Christian Berman


Christian is an artist/designer/writer.  He was born in Mexico City, spent much of his life in New England, and has lived around the world and worked in a variety of fields.  He graduated with a masters in landscape architecture from RISD in 2010, and has been maintaining an art practice in Bushwick ever since.  His website is www.cruizberman.com

 "If life is a vast broth of random acts and tangled reactions, making art is how I chart my way through the soup. Because I was forcefully removed from my homeland and family at a young age, I became accustomed to localizing my identity within a precarious juncture of memory, fact and fiction. My work draws from personal histories of migration and adaptation, and is made with a distinctly poetic methodology. Materials, memories, ideas, and emotions are distilled and reconfigured. These configurations are partly improvisational, and guided by the whims of my subconscious, but they are also exercises in formal and abstract experimentation. The eventual goal is to build a language of materials and symbols that provides moments of surprise, humor, and reflection, both for the viewer and for myself.

My recent work is partly born from the struggle between the homogenizing power of technological globalization and the innate human desire to assert one's uniqueness. What is the role of the tribal, the communal, and the artisanal in a society where the click of a button can connect you to the rest of the world, and global media conglomerates dictate the styles and cultural norms of millions? Working in Bushwick, which is heavily industrial and concrete-covered, but also somewhat tribal in its culture, I felt a desire to incorporate the colorful, raw, and sensual influence of nature. This in turn has become a fascination with the symbolism of soft and sharp, real and artificial, and ominous and safe. My stylistic influences are wide, from the perspective and mood in Japanese ukiyo-e printing, to the direct and tragic-comic nature of mariachi ballads and mexican folklore, to the confrontation of indigenous, European, and even Tibetan Buddhist spiritual symbology. These all form a backbone that supports forays into new methods of working with abstraction and iconography.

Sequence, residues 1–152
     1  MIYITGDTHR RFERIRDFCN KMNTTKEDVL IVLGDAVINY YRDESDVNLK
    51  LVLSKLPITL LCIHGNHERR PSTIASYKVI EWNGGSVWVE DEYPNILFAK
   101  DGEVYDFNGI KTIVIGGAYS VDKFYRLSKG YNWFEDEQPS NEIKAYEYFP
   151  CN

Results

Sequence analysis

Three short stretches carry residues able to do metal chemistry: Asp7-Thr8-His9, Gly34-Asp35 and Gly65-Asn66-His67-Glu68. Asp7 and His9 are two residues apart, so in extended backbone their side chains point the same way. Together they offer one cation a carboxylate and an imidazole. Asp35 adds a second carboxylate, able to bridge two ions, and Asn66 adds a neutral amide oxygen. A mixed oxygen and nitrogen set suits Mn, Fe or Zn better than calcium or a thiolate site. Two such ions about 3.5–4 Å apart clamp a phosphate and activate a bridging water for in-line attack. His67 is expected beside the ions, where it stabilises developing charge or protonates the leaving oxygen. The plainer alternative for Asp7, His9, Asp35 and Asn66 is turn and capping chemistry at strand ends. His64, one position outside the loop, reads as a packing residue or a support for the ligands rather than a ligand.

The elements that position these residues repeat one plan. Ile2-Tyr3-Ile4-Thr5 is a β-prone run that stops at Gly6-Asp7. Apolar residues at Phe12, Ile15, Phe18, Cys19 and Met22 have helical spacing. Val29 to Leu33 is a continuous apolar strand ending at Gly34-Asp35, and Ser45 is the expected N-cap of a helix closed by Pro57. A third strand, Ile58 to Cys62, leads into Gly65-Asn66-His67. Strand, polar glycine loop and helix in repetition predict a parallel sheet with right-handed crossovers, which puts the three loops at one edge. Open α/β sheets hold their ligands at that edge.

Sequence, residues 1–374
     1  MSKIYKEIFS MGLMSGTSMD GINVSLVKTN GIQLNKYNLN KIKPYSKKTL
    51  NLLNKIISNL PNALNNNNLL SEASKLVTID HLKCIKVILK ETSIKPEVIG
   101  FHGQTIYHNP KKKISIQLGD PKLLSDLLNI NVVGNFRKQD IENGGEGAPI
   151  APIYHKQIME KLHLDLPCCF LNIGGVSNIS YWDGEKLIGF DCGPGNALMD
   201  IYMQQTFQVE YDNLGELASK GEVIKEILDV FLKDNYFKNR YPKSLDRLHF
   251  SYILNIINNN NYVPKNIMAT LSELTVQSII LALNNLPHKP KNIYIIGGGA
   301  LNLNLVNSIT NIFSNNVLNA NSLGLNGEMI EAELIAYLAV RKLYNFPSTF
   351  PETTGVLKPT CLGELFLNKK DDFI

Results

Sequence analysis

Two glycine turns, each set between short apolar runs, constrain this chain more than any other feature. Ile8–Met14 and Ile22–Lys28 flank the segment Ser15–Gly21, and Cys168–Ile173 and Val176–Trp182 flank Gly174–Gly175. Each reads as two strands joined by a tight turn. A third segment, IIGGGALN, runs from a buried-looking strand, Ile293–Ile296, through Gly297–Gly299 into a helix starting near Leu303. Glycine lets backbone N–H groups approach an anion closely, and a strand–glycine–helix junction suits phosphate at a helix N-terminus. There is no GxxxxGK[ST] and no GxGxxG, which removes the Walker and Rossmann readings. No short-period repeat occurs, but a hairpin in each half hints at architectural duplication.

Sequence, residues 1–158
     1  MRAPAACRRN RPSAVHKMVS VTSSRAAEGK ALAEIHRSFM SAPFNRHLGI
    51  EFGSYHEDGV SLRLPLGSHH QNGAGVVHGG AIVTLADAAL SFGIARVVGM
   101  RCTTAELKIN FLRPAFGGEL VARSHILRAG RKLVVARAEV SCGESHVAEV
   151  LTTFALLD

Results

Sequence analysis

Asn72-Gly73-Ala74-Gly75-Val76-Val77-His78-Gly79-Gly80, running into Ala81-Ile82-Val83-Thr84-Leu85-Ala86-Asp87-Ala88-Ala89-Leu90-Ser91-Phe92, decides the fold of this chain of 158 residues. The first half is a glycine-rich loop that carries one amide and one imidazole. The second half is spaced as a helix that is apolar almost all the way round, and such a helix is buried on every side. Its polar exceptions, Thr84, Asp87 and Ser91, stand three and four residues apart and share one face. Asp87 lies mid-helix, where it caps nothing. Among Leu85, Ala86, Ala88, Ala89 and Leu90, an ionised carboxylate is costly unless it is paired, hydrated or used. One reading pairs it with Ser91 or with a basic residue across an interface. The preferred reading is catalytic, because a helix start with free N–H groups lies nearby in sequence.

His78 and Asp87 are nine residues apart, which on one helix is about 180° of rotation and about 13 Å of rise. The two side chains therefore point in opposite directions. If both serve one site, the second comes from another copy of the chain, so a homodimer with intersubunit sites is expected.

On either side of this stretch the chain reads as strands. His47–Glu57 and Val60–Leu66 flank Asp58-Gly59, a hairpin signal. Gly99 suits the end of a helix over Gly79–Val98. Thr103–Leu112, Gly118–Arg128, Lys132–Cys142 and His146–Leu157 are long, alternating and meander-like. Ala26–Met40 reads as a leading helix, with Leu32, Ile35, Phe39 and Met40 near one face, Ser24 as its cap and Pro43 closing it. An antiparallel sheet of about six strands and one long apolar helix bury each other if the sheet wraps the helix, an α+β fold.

Much like the internet, my work forces the viewer to examine what is exotic and what is commonplace, as well as what is authentic and what is fabricated. Feathers act as brushstrokes, found objects become molds for painted sculptural elements, and paint is used in a way that both references as well as questions the history of the medium as a form of communication. I am interested in the ways that these materials engage the viewer's understanding of history, progress, and time. For example, the feathers or stones used in the work may seem the most natural, but if we dig deeper, we can remember that the acrylic and rubber in the pieces are derived from petroleum products, which in turn came from decomposed organic materials like dinosaur bones. At its essence, my work is a reaffirmation that reality and life are nothing but what we make of them."